significance of what he reveals. The speculation about the Ghost's
appearance relating to a forth-coming conflict with Norway is not
mentioned again throughout the play.

In earlier versions of the story Hamlet's feigned madness is an
explicitly politically motivated device to protect himself and avert
suspicion from his revenge plot, but his is not so clear in
Shakespeare's text. There are a number of critical approaches to this
question that we as a 21st century audience can take into
consideration when considering the question of whether Hamlet's
feigned madness is politically or personally motivated.

As I mentioned before, Kurland believed it impossible that the
Elizabethan audience could not believe Hamlet's feigned madness to be
politically motivated, and although I agree with this view. There are
other critics which are interesting to explore while formulating my
own opinion. For example Karin S. Coddon (in Renaissance, XX, 1989.)
Coddon relates Shakespeare's Hamlet to the decline and fall of
Elizabeth's former favourite, Robert Devereux, Earl of Essex, who was
finally executed in 1601, though he had been falling out of
Elizabeth's favour since 1597 and he had notably lost the Queen's
favour over his disastrous military expedition to Ireland in 1599.
Coddon explores the question of Essex's melancholy or madness, seen at
the time as a product of thwarted ambition which became displaced by
treason. Without wanting to make an exact equation between the
fictional Hamlet and the historical Essex, Coddon sees the
representation of madness in the play as relating to the "faltering
ideological prescriptions to define, order, and constrain
subjectivity." She argues madness is used as "an instrument of social
and political disorder." I believe his interpretation to be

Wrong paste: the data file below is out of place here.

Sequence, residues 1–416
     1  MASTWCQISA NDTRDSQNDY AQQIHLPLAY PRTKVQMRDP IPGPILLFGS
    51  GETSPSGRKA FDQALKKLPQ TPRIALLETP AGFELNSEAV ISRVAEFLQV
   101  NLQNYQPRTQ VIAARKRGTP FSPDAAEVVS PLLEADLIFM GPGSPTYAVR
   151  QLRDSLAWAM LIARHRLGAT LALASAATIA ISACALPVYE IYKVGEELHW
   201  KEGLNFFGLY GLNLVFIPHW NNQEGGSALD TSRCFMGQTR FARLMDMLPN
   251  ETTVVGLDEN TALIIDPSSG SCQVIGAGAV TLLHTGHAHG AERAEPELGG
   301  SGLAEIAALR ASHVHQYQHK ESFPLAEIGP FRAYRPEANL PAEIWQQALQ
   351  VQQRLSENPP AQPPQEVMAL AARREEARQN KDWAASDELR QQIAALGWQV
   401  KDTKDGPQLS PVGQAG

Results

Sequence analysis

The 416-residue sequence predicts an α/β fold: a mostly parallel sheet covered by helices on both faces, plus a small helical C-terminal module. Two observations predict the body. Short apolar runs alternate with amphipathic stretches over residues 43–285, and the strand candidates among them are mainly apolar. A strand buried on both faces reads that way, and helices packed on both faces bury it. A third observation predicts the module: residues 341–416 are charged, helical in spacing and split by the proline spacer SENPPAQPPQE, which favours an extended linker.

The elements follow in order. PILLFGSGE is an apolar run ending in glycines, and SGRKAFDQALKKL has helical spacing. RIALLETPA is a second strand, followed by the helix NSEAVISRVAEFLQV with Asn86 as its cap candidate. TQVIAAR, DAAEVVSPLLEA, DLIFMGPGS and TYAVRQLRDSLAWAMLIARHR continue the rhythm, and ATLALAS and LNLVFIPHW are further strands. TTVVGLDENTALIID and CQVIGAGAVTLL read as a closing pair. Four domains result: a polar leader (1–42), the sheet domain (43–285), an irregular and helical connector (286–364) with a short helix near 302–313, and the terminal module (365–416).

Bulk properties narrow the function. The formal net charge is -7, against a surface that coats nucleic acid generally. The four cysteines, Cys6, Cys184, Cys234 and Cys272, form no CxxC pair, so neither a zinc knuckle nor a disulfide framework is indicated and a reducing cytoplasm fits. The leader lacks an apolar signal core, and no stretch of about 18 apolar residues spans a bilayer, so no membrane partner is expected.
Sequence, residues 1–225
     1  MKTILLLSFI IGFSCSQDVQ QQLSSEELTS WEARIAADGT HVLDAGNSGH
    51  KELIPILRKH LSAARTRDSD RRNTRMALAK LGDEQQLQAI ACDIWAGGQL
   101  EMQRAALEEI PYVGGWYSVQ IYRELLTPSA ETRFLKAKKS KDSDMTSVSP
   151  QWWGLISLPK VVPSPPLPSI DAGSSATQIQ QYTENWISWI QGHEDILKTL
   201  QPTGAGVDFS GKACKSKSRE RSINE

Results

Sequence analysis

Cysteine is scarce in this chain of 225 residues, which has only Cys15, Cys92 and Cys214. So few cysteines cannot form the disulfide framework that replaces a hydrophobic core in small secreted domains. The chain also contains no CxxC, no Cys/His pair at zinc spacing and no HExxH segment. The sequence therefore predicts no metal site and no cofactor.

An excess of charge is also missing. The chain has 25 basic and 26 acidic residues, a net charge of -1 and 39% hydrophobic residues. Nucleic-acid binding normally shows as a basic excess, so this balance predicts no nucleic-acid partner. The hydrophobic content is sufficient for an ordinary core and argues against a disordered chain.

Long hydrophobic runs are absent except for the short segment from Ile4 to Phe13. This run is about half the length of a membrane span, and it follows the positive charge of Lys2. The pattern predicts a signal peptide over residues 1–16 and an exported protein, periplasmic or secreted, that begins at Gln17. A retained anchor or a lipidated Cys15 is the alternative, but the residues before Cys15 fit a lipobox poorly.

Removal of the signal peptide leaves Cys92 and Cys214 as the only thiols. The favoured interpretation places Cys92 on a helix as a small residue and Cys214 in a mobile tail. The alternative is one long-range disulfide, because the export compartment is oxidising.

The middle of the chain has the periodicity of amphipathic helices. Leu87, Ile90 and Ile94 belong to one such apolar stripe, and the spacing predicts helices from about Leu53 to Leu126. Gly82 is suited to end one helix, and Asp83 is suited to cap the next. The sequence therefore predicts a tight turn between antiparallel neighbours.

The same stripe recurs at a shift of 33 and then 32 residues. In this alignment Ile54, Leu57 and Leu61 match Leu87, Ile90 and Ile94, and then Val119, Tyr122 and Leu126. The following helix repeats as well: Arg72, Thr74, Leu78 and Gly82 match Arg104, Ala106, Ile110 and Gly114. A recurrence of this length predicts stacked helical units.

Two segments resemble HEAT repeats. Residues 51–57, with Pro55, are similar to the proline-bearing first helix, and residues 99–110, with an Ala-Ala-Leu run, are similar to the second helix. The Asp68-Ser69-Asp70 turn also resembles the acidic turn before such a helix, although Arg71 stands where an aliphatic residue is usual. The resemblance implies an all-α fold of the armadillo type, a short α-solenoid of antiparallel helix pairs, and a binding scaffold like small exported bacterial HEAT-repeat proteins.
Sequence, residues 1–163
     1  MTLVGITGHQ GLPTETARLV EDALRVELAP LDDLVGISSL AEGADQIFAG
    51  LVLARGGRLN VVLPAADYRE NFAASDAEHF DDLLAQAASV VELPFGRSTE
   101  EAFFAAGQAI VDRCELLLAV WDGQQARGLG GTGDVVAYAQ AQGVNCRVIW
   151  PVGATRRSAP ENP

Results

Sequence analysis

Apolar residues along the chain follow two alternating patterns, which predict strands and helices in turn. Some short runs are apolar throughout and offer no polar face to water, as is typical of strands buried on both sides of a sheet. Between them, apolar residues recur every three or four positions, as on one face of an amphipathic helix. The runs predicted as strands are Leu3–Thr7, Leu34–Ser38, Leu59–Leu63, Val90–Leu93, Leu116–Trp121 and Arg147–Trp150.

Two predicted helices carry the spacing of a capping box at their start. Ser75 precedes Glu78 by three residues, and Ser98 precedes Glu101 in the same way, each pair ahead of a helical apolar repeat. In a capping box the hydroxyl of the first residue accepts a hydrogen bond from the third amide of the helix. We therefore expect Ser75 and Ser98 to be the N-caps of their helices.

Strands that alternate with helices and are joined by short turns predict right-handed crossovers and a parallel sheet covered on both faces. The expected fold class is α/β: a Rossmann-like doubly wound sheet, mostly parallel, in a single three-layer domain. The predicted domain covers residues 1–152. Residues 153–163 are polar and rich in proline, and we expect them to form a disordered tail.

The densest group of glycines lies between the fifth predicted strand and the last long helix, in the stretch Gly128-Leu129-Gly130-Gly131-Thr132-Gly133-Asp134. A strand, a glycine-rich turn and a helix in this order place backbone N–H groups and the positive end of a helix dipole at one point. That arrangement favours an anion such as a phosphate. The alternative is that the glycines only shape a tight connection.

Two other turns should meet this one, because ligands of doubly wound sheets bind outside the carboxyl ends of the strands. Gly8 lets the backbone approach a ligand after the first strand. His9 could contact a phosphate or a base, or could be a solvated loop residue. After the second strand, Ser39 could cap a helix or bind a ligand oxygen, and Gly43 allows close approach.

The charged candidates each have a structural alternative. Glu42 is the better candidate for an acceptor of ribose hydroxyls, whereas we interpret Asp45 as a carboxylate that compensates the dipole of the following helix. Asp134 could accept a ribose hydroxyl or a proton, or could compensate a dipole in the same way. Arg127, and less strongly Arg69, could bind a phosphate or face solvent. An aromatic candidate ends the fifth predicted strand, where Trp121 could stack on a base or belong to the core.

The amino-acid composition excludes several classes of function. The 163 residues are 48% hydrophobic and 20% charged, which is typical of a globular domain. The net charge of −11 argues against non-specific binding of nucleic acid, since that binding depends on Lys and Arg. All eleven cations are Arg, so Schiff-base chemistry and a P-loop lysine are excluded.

particularly accurate. Hamlet's feigned madness is used to cover his
intentions to disrupt the political system in Denmark, however, his
reason for doing which (avenging the murder of his father) are
personal. Again it is difficult to decide which response one agrees
with more, personal or political?

Another factor that must be taken into account is the associations
with Hamlet's genre. It was a common theme with conventional tragedy
that the events at the top of the social strata reflect on the entire
state. This is emphasised in Act I, scene I, line 69 by Horatio "This
bodes some strange eruption to our state." If the political aspect of
Hamlet was insignificant, why would it by highlighted at the start of
the play?

In conclusion, the Elizabethan audience are less likely to have been
as well informed or educated as a 21st century audience and therefore
may not have been intelligent enough to analyse the relationships
between the characters of the significance of the soliloquies.
However, we can be sure that they could not ignore the fact that
fictional Denmark almost perfectly mirrored their own Elizabethan
England; thus supporting my argument that the Elizabethan audience
were likely to have seen Hamlet as a political tragedy. Even from a 21st
century perspective, the political aspect of the play cannot be
ignored, particularly when we are educated of the historical time
period in which its first audiences would have viewed it. However, as
a member of a 21st century audience, contrasting with my conclusion of
the Elizabethan response, my response is to interpret it as primarily
a personal tragedy rather that a political one.